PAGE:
Overeaters Anonymous (OA) is a self-help group for people who suffer from eating disorders. In January 1960, a few people living in Los Angeles, began meeting for the purpose of helping each other with their eating problems, They had tried everything else and failed. Today there are thousands of meetings in the U.S., Canada and other countries. OA started in Ireland in 1978. We have about 12 meetings in Dublin and as many more spread throughout the country.
Our membership includes men and women of all ages and many different patterns of behaviour with food. Our symptoms are varied – obsession with weight and size, fear of eating too much and trying not to eat at all. Binging, starving, throwing up, abusing laxatives, exercising excessively etc. Some members are overweight, some are underweight and some are average size. Some of us have periodic control and some have lost all control.
We have tried many ways to control our behaviour with food, including diets, weight loss groups, hypnosis, acupuncture, exercise workouts, long walks, making change in our lives etc. All these things worked for a while but inevitably, the old failure patterns returned with devastating effects on our self-worth.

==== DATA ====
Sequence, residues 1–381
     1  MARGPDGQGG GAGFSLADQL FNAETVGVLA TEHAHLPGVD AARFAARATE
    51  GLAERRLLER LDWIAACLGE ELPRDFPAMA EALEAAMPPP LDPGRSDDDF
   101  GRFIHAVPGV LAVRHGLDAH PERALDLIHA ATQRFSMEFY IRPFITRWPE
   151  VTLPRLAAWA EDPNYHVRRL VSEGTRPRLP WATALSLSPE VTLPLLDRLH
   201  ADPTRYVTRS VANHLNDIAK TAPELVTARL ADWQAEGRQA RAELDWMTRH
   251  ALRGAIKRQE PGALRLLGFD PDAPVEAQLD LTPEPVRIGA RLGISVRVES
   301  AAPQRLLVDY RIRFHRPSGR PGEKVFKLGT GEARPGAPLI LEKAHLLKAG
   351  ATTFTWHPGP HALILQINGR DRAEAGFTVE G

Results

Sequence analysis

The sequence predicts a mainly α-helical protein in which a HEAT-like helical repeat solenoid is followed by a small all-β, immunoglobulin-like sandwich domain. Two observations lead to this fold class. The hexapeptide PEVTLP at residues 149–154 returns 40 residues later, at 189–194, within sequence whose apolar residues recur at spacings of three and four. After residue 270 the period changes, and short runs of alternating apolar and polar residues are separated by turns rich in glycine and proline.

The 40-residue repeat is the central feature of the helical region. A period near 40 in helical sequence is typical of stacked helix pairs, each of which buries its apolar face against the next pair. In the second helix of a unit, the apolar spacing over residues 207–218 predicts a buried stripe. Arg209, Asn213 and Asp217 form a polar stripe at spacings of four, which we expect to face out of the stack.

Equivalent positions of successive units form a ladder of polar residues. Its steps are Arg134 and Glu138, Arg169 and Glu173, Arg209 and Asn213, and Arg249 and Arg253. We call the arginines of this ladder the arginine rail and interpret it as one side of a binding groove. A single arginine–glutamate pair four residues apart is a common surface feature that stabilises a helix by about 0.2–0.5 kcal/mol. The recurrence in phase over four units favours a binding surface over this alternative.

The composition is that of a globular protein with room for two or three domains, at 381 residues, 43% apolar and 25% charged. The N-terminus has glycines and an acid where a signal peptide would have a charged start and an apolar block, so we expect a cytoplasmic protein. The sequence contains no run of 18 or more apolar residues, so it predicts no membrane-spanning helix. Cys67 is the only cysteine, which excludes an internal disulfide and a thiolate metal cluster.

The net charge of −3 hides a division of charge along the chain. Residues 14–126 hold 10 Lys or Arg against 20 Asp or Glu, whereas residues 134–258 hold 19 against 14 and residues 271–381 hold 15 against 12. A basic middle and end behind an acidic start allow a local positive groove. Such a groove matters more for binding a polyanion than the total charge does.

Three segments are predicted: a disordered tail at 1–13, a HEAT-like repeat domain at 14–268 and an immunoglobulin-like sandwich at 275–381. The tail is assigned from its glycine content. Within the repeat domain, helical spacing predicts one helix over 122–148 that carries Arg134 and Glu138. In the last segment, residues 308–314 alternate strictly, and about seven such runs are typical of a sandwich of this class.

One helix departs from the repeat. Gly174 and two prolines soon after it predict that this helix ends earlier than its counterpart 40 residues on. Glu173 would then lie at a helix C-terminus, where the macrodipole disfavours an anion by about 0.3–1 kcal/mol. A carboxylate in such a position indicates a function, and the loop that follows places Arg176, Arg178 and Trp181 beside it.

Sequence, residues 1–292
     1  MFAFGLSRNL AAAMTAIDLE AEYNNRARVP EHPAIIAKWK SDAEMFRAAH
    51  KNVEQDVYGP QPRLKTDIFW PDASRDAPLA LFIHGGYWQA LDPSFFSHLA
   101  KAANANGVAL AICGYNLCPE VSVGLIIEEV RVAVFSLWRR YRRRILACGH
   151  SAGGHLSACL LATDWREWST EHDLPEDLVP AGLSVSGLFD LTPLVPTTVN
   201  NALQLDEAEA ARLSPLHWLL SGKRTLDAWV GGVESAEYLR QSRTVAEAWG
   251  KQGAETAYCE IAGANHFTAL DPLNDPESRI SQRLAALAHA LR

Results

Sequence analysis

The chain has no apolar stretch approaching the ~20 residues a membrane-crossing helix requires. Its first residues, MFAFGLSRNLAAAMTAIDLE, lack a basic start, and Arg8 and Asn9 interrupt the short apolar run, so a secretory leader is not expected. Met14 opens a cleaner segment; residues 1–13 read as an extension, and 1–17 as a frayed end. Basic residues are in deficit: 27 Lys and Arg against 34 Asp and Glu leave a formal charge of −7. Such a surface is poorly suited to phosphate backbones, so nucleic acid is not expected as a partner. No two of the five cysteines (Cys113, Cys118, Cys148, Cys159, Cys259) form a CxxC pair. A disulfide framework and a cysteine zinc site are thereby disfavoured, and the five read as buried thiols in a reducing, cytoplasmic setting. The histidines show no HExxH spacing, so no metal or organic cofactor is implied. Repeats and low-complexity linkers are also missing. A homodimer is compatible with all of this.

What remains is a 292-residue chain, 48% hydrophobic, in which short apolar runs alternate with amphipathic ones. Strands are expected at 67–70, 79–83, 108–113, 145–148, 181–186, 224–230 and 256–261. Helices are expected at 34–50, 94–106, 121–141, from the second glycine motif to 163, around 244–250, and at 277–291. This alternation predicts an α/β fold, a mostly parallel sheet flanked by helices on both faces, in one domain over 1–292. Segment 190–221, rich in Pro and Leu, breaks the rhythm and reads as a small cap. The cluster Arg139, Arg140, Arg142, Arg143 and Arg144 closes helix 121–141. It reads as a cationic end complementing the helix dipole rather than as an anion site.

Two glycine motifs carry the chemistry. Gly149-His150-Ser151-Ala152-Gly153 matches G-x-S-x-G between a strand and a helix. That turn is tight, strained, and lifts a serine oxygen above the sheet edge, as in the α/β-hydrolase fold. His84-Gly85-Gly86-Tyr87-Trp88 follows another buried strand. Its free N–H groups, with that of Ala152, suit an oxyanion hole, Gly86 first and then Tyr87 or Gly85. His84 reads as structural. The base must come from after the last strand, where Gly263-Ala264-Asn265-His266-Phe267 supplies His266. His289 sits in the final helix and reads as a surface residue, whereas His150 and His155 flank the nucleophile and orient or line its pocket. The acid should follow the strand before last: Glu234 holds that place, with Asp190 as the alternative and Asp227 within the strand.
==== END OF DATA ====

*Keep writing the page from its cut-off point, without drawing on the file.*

OA believes that an eating disorder is an illness – a progressive illness – that cannot be cured but which, like many other illnesses, can be arrested. Our disease is threefold; physical, emotional and spiritual. Recovery is based on the twelve step programme begun by Alcoholics Anonymous. The programme has a spiritual but not a religious dimension to it. Many individuals have reservations about accepting any concept of a Power greater than themselves, but experience has shown that those who keep an open mind will work out their own solution to the spiritual side of their recovery.
It is suggested in one of the steps that we do a personal inventory, this helps us to sort out and come to terms with our past. It also helps us to see our flaws and it helps us to take full responsibility for ourselves. As we work our way through the steps with the love and support of other members, life takes on a whole new meaning for us. We begin to deal with life instead of reacting to it, our whole attitude changes and we experience a new happiness and serenity. The obsession with food and weight leaves us as we recover one day at a time. No one fails in OA, as long as a person is completely honest with him/her self and works the programme.
Recovery for each OA member is personal. Most would agree that regular attendance at meetings is important. We offer unconditional acceptance and support to one another. Through our meetings we have an opportunity to identify with others who share the same problem.